The best way to describe virtual reality is not to.
Just step in front of the screen, don the weird gear and go.
Is that a blue whale swimming by?
Why is the solar system floating by my ear?
Didn’t I just flatten that zombie?
These and other unworldly questions are sure to arise while being transported from the Holodeck inside Langley’s Machine Shop.
More precisely Holodeck Virtual Reality, the dream business destiny of Ethan Worthington.
“I love Star Trek,” said the 31-year-old Langley resident. “Of course I named it that. I am transporting people to another dimension.”
And there’s no copyright on the term Holodeck where the Starship Enterprise crew vacations and play out storylines via hologram images.
Virtual reality, or VR, is computer-generated simulation that uses 3D images to create life-like images. It puts viewers in a bubble of make believe.
While it comes across as technology best suited for gamers, kids and sci-fi geeks, the potential of virtual reality is being discovered in medicine, education, criminal investigations, architecture, mental health therapy and manufacturing.
University of Washington researchers developed breakthrough virtual reality therapy called SnowWorld where users throw snowballs at penguins while listening to Paul Simon. It’s been proven to be more effective than morphine in pain management for burn victims.
Like computers, virtual reality technology has gone from car-size equipment to compact, which is why it’s popping up as a small business entertainment enterprise.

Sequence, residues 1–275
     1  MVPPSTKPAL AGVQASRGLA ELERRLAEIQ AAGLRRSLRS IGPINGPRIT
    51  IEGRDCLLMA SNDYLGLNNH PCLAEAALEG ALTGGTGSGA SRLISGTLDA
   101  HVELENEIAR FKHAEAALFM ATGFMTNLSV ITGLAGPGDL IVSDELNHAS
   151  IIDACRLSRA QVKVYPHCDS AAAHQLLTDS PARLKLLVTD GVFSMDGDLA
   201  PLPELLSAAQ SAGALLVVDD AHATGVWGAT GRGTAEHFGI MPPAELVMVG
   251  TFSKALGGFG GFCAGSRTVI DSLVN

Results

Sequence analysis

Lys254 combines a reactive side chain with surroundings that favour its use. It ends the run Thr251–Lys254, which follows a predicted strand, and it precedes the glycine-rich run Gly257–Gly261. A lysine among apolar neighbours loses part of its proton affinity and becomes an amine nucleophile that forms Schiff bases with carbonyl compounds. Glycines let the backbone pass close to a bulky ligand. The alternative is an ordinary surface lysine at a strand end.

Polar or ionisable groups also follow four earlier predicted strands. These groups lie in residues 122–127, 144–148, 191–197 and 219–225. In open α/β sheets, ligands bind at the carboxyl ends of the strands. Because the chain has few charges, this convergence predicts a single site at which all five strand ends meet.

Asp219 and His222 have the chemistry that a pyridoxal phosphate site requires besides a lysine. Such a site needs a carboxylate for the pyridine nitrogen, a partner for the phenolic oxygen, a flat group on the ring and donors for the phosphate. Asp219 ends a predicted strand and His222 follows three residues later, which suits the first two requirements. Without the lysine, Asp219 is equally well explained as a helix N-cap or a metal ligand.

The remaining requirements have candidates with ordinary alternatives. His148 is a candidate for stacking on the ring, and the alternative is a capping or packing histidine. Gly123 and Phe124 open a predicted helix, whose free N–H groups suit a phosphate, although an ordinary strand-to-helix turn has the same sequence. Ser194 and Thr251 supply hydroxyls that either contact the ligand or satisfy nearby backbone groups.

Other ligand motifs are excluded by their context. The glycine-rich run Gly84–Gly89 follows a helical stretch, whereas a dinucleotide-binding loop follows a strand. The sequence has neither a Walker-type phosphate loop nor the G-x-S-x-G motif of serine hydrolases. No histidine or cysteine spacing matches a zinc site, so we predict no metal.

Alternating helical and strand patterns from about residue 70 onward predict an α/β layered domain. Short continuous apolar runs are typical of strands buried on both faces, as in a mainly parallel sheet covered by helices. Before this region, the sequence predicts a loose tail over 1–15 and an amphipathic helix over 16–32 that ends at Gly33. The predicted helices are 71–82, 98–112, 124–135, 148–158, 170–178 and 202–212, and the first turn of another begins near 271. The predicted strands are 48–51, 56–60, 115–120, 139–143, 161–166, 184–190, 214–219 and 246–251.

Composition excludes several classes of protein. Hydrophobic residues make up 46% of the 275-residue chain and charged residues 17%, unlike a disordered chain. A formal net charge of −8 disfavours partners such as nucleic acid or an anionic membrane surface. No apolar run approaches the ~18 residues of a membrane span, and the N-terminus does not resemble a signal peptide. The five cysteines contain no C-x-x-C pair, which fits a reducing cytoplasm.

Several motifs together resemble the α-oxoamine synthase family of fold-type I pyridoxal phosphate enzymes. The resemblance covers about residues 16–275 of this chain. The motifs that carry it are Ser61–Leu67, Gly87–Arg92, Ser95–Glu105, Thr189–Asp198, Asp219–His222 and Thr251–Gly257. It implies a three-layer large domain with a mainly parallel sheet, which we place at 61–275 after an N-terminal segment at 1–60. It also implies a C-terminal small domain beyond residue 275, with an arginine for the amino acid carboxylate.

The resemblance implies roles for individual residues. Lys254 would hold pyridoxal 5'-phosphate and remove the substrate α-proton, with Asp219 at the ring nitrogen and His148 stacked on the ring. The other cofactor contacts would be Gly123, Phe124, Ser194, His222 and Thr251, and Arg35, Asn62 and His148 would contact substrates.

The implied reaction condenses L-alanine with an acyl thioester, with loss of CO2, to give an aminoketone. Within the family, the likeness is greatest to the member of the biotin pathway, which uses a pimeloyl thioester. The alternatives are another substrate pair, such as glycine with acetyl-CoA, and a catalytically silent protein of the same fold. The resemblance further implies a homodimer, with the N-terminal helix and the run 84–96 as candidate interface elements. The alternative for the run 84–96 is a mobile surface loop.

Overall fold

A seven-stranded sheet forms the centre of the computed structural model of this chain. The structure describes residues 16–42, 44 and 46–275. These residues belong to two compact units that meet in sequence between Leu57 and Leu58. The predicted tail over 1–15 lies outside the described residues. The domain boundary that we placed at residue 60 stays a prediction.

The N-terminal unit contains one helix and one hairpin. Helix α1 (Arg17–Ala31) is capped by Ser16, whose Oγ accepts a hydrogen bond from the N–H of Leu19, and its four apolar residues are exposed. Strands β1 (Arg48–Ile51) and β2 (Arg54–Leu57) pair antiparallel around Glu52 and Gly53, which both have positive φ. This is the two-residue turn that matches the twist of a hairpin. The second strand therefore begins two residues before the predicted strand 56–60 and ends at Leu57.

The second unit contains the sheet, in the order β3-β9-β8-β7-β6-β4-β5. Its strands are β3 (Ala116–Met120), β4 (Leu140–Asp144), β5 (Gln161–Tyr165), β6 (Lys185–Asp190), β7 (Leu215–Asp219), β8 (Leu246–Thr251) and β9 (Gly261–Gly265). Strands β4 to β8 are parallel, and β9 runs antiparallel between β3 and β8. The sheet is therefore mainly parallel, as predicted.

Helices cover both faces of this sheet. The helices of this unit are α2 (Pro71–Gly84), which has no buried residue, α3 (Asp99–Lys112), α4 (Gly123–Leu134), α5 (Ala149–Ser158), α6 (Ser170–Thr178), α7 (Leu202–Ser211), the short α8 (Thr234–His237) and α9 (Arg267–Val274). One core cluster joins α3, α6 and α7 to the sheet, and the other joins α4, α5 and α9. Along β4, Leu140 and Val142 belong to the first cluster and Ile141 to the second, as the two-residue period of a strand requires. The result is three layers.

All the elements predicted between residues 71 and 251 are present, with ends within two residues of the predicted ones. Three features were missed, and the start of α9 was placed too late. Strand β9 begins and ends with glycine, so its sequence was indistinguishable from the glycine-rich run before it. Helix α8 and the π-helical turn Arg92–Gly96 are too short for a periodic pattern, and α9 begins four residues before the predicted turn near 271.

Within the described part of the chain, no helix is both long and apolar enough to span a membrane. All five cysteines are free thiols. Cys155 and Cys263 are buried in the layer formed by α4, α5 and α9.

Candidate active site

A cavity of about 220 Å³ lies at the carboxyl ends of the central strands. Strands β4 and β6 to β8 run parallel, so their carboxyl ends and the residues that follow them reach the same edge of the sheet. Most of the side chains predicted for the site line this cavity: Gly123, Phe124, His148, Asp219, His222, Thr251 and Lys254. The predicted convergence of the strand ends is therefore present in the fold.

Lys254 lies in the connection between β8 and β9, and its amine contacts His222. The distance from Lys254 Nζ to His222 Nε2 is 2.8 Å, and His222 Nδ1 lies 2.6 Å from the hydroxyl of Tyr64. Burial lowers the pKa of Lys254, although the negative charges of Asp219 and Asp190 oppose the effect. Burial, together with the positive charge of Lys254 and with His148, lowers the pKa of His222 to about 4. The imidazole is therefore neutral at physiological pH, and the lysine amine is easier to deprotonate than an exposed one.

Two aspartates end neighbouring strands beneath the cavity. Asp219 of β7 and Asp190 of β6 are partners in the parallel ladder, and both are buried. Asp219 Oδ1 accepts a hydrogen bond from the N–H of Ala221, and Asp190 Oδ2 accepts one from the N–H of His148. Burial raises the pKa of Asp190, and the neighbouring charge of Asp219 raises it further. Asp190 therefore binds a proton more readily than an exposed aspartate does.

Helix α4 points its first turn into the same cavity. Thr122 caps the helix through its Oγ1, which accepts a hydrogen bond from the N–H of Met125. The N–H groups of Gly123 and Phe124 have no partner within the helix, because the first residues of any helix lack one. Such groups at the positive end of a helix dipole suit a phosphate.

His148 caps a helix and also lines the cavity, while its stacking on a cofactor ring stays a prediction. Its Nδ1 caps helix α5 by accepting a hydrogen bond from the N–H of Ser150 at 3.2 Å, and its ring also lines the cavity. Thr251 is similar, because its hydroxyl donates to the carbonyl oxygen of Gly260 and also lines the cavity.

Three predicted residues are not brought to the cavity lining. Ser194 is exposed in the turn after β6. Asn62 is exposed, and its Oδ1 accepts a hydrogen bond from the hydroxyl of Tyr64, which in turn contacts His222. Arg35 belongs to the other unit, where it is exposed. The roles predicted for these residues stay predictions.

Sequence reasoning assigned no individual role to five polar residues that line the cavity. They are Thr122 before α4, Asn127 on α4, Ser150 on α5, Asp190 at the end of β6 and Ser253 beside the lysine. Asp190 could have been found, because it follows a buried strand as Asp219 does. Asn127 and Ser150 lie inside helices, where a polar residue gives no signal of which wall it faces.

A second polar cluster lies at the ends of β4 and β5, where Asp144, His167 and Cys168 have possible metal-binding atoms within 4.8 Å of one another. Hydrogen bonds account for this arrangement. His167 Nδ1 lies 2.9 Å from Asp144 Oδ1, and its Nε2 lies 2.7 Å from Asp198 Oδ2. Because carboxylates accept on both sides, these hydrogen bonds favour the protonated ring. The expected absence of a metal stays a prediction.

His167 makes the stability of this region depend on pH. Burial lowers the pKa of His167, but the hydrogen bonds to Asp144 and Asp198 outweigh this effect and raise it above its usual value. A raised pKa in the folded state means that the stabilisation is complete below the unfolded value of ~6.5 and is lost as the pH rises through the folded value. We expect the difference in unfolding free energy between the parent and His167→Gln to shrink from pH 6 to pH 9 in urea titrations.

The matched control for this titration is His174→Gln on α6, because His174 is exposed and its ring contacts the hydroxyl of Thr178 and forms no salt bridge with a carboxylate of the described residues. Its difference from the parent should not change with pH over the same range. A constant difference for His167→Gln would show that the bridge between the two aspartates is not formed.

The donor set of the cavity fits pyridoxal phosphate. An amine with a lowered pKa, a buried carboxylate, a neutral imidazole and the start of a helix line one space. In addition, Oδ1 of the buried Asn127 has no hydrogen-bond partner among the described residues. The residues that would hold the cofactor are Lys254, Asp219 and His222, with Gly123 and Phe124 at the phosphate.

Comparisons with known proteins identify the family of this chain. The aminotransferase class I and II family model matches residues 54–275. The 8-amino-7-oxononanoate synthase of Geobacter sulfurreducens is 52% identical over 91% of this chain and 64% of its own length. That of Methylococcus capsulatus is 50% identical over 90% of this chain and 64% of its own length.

In four spaces measuring 15 feet by 15 feet, Worthington padded a few walls with colorful foam squares and added lines of tiny lights on the floor to define spaces. Each booth has a large screen where a fraction of the virtual reality program appears. This helps Worthington know what his customers are seeing.
Or why they are laughing, acting scared or getting emotional.
One regular customer of Worthington’s is an older woman who suffers severe vertigo and can no longer travel.
“Using Google Earth, I can put her anywhere, any city, any country and she gets to experience the world again,” he said. “Half the time she comes out in tears.”
Another regular is a grandmother who brings in her grandson every week and buys him an hour’s worth of virtual programs that require lots of interaction, such as boxing, battling monsters, taking down Gladiators.
“She told me he just spends all his time at the computer and won’t do anything physical,” Worthington said. “Here, he gets a really good workout, comes out sweating and thinks his grandmother is great for buying him virtual reality time.”
As Worthington adjusts the wrap-a-round goggles and headphones on a new customer, he explains one of the most important rules of virtual reality.
“No running. I’ve seen grown men fleeing zombies, running smack into the wall.”
Silvano Iosve, visiting from Venezuela, chooses a program that involves archery. Holding blue control devices that interact with the virtual imagery, she pulls her elbow back, lines up an arrow and releases.
Her friend, Frank Coccia, watching from nearby, only sees Iosve mimicking shooting a phantom arrow. When he puts on the VR goggles, she laughs as he lunges at zombies with a ‘sword.’ Worthington then shows an educational program called Blu that plants Coccia underwater with manta rays, a coral reef, jellyfish and the world’s largest mammal, a blue whale, cruising by.
“We just were at the whale center so this is cool,” said Coccia, who lives in Seattle. “That was a lot of fun.”
People can also create virtual art, play games with friends using avatars and tour the solar system.
Worthington’s business is the latest entertainment activity to join the Machine Shop, a sprawling former fitness and dance venue turned arcade. It’s filled with more than 60 pinball machines, the collection of shop owner, Tim Leonard.
Leonard said he knew nothing about virtual reality when Worthington approached him about renting space.
“So I tried it and I said what most people say, “Oh, my God, this is so amazing.